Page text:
Little Girl Blue: The Life of Karen CarpenterThere seemed to be two sides to Karen Carpenter’s story.   Both play out in the book Little Girl Blue.  She admits to how lucky she was to be able to sing and perform for a living.  It brought her money and adoration from fans. She loved playing the drums and she loved performing.  On the other hand, according to the accounts in this book, in her mother’s eyes she was always second fiddle to her brother Richard.  The family moved heaven and earth so that Richard could have a music career.  The mother thought that relocating to Los Angeles from New Haven, CT would further Richard’s career.  This may have worked, but it also put the spotlight on Karen, something her mother Agnes would have never predicted.  Towards the end of Karen’s life, she has a meeting with her therapist, mother, father and brother.  Her mother was unable to tell Karen she loves her. 

I read this book back to back with Tatum O’Neal’s A Paper Life, another story of parenting gone awry. (In an ironic note, Karen’s mother’s maiden name is Tatum.  O’Neal was named after jazz musician Art Tatum.)  In Tatum’s case, both parents turn to either/or drugs and alcohol, essentially leaving the children to raise themselves.  In Karen’s story, her parents are very present. Her mother would probably be called a helicopter mom today.  She rules her kids.  No one can make a move without her.  When the duo leaves the house (Karen was already 26 at this point), they both feel guilty.  Ironically Karen spent the last night of her life in Richard’s old bedroom in her parent’s house, although she had her own home.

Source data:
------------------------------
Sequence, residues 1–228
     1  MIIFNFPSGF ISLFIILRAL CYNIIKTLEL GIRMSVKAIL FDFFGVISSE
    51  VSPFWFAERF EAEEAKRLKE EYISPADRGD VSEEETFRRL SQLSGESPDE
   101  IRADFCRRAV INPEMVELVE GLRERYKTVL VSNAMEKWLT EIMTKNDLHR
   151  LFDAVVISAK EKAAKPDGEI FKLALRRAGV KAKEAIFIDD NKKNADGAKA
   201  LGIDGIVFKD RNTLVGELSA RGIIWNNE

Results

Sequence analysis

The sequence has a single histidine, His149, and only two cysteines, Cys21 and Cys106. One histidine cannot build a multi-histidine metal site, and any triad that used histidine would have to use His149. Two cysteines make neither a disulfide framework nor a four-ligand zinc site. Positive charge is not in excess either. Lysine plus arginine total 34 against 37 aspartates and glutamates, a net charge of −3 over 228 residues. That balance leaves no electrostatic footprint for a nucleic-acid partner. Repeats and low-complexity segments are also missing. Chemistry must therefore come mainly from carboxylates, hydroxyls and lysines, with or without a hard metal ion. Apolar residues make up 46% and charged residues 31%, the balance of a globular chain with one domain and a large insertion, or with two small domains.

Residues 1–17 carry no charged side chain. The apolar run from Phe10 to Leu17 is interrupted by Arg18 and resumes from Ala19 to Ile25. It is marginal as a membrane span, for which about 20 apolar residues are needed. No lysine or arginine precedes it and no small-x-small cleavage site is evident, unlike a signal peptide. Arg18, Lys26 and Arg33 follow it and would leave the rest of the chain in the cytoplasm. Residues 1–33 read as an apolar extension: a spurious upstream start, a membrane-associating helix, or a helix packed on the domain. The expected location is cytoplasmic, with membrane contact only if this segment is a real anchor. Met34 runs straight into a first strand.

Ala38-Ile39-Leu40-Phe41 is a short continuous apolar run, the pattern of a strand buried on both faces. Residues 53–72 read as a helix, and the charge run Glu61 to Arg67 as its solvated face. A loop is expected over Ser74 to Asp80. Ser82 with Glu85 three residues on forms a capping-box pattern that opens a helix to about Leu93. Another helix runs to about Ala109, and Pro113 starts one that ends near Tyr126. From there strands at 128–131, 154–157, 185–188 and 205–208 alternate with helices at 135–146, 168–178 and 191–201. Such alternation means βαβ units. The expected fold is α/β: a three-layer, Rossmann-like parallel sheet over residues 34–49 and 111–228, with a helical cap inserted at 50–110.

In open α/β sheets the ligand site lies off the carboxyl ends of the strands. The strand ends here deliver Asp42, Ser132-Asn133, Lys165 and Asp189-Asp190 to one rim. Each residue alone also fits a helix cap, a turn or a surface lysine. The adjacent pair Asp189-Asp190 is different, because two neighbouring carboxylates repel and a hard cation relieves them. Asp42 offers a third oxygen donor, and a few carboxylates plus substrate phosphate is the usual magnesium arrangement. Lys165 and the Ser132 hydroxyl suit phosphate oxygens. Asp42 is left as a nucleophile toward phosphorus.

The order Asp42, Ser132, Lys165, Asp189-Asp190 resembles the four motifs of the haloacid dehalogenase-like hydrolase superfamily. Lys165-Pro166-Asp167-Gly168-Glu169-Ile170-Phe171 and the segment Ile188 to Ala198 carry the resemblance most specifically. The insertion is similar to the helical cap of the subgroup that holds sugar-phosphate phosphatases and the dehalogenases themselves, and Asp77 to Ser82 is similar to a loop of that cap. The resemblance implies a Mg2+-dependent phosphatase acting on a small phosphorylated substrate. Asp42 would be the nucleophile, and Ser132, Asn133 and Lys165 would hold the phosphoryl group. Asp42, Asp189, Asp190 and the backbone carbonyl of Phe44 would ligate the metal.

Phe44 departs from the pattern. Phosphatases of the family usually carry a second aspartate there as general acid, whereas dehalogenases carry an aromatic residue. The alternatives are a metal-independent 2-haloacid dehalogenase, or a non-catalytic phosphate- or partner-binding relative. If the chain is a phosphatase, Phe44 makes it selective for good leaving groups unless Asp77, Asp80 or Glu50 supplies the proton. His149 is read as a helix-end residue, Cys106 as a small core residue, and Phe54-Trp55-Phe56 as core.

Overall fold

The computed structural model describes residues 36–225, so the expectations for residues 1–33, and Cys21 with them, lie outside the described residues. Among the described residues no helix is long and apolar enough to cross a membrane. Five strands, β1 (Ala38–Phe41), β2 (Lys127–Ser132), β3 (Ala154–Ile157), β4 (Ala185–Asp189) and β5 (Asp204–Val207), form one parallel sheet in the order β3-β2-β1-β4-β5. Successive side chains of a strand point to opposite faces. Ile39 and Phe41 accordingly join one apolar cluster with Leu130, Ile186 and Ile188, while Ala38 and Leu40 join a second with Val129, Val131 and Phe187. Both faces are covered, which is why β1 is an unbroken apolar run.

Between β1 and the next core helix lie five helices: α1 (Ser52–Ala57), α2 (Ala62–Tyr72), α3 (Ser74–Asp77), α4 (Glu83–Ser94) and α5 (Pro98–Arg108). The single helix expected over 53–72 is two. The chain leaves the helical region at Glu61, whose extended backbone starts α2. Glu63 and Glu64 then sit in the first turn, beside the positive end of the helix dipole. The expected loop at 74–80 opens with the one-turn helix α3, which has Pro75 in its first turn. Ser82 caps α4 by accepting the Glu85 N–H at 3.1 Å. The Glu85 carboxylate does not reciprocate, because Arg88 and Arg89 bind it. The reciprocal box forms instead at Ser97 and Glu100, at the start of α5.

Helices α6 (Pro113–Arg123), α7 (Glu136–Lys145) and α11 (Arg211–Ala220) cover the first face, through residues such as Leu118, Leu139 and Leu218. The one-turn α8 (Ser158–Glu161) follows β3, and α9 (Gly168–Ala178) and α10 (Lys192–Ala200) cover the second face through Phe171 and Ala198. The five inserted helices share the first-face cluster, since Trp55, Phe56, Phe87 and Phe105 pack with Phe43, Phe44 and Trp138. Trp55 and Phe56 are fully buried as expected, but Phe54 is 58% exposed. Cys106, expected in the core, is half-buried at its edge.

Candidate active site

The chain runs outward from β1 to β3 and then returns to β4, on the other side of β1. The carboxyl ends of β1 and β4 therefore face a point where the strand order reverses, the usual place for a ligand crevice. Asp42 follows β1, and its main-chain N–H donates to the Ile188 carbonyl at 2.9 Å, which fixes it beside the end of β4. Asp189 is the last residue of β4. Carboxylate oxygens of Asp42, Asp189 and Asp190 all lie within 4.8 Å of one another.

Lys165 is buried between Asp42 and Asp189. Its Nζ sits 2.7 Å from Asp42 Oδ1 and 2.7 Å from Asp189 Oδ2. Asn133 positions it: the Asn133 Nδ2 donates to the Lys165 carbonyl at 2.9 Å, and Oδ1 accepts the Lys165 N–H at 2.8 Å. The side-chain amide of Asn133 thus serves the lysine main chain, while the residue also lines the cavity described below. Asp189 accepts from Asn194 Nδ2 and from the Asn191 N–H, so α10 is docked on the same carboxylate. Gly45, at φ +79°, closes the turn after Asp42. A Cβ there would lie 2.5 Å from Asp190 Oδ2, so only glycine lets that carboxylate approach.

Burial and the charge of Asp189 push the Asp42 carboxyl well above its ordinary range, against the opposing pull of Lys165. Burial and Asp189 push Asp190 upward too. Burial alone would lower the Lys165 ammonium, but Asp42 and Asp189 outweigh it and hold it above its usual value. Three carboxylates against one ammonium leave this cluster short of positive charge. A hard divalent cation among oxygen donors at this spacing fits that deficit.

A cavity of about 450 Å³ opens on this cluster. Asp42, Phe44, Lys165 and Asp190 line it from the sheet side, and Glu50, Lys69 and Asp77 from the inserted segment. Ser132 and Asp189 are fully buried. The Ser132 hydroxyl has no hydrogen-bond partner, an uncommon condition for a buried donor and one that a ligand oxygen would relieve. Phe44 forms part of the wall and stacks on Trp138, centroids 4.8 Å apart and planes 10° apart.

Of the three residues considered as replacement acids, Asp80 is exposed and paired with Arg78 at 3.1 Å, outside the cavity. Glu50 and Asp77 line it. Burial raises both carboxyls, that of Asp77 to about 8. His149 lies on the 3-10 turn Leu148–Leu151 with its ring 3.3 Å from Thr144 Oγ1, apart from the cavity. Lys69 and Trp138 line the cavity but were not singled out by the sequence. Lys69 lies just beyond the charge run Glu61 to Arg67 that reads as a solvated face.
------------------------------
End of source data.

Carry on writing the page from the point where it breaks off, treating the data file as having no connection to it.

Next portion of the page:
At its core, this book is really about the love between brother and sister that was maybe too deep for them to address what was going on around them.  Karen worshipped Richard and felt guilty about recording her solo record. She did it while Richard was in rehab. I remember when she was recording that record.  She spent time in New York.  Phil Ramone produced the album and all I kept thinking was why is Karen Carpenter doing a disco record?  Richard and A&M hated it. It must have felt like a blow to the head. She shelved it.   To listen to that record now, it has production undertones of disco but it isn’t a pull out all the stops disco record.  It was finally released posthumously in 1996, the way Karen had approved it.  Some of the best parts of this book are the discussions with Ramone, the musicians who played on those sessions and how the record came together.  Karen used some of her own money.  Ramone recruited Billy Joel’s band, including drummer Liberty DeVitto, for most of the album.  DeVitto is candid about falling in love with Karen during this time, but he never acted on it. He was married and had no idea how Karen felt about him.